For instance, many people lamented our "utterly decayed morals" the other day when they obsessed over an online video story about a woman relieving herself in a see-through Metro elevator in Shenzhen.

But there has been speculation that the whole thing was a stunt staged for some untoward commercial purpose.

If you unclutter your mind and remove the excess - often unproved - information from the virtual world, you will be able to "tune out to zone in" on the beauty of nature and people in real life. Life is actually much better than what's often depicted, defined and decried in cyberspace.

"This is the art of subtraction: when you remove just the right thing in just the right way, something good usually happens," says the author.

And subtraction is not just about letting go of the excess online information. According to the author, subtraction is about doing better (not more) with less in every aspect of our life. As a general rule, doing something isn't always better than doing nothing.

The author cites the examples of Albert Einstein and author J.K Rowling.

Their breakthroughs came in the wake of delays, daydreams and even absent-minded thinking.

Einstein came up with the theory of relativity not from focused thoughts in a lab, but after staring at Switzerland's famous Bern clock tower. Rowling, while waiting four hours for a delayed train, envisioned her protagonist, Harry Potter, as a "scrawny, black-haired, bespectacled boy" who would become a powerful wizard.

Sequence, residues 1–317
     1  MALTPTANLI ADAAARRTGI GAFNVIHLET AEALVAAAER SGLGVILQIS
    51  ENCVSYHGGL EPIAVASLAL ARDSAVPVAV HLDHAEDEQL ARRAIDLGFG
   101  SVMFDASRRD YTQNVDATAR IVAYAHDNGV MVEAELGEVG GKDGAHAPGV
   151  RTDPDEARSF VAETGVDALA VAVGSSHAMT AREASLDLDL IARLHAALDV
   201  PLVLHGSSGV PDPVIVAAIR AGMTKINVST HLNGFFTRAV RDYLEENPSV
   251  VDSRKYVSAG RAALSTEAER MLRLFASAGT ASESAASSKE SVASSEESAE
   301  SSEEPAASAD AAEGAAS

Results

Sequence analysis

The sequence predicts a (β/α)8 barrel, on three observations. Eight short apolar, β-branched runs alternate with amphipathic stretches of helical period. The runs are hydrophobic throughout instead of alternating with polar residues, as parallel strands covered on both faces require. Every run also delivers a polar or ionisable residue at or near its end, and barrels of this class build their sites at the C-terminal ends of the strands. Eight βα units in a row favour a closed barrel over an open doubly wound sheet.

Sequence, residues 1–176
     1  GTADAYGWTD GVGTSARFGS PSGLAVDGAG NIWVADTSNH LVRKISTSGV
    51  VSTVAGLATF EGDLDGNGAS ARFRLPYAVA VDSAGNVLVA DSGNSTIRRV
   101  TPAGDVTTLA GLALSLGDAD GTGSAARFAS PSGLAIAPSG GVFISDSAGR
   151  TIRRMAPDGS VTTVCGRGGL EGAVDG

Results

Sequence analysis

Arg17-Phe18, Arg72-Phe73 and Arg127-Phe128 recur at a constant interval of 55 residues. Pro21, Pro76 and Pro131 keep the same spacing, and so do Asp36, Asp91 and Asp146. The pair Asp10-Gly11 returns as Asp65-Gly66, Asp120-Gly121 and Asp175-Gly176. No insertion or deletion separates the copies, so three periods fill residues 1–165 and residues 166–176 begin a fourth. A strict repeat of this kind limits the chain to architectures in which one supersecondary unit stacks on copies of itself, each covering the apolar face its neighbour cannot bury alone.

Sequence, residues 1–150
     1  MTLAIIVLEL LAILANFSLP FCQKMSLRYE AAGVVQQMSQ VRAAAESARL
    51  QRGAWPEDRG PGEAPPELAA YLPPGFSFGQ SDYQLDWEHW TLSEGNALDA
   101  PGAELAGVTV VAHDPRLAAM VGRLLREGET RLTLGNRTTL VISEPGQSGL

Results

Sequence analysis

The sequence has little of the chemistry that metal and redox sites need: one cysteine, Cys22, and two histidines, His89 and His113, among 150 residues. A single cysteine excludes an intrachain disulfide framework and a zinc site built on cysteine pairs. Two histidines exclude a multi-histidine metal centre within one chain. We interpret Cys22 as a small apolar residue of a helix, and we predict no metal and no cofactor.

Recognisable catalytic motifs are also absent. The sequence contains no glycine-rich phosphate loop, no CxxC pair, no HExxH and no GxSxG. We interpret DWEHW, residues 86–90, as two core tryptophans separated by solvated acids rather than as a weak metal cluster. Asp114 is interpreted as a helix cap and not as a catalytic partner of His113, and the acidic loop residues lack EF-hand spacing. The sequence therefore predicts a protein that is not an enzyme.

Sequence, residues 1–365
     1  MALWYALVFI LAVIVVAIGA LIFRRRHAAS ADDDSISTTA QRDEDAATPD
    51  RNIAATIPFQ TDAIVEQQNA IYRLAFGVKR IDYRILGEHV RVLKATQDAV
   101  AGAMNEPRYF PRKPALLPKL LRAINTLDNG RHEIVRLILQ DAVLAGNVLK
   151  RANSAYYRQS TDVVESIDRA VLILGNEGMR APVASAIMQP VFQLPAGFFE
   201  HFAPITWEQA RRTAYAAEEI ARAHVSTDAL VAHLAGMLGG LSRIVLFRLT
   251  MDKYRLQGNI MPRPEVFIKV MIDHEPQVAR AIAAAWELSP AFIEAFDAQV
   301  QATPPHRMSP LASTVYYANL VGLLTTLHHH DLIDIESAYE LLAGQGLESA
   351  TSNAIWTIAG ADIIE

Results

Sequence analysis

Indeed, some of our best story and cartoon ideas have come in absent-minded exchanges of ideas between colleagues at the dining table, rather than scheduled meetings in a conference room. In my own case, many a story idea emerged in the wee hours or during weekend strolls.

Such insights and bursts of creativity, May says, arrive when you least expect them. When you "tune out to zone in," you may solve a problem you've been stuck on for a long time. Marcus Raichle, a Washington University neurologist, says the brain is most active during rest.

Busy just being busy

May quotes management expert John Hunter as saying: "Everyone agrees taking time to think is wise...Managers will say they value it, but they cram schedules so full that they can't really spend time thinking. Result: people are busy just being busy."

"We need to know how to purposefully do nothing," says the author, who opens his book with a quote from Lao Tzu (about BC 571 BC to 471): To attain knowledge, add things every day. To attain wisdom, subtract things every day. (wei xue ri yi, wei dao ri sun)

Online addition carries you away from reality. Working overtime weakens your creativity. They are excess things that are undesirable and need to be subtracted.

But how about excess things that are desirable, say music?

I love music, but when I sat deep in Wudang Mountain on a starry night last month, it dawned on me that music was an excess in the bosom of Mother Nature. Lao Tzu said: The greatest voice cannot be easily heard.

Six Laws of Subtraction:

Law 1: What is not present is often more powerful than what is present.

Law 2: The simplest rules create the most effective experience.

Law 3: Limiting information engages the imagination.

Law 4: Use intelligent constraints to cultivate creativity.

Law 5: "Break" is the most important part of "breakthrough."

Law 6: Doing nothing is often better than doing something.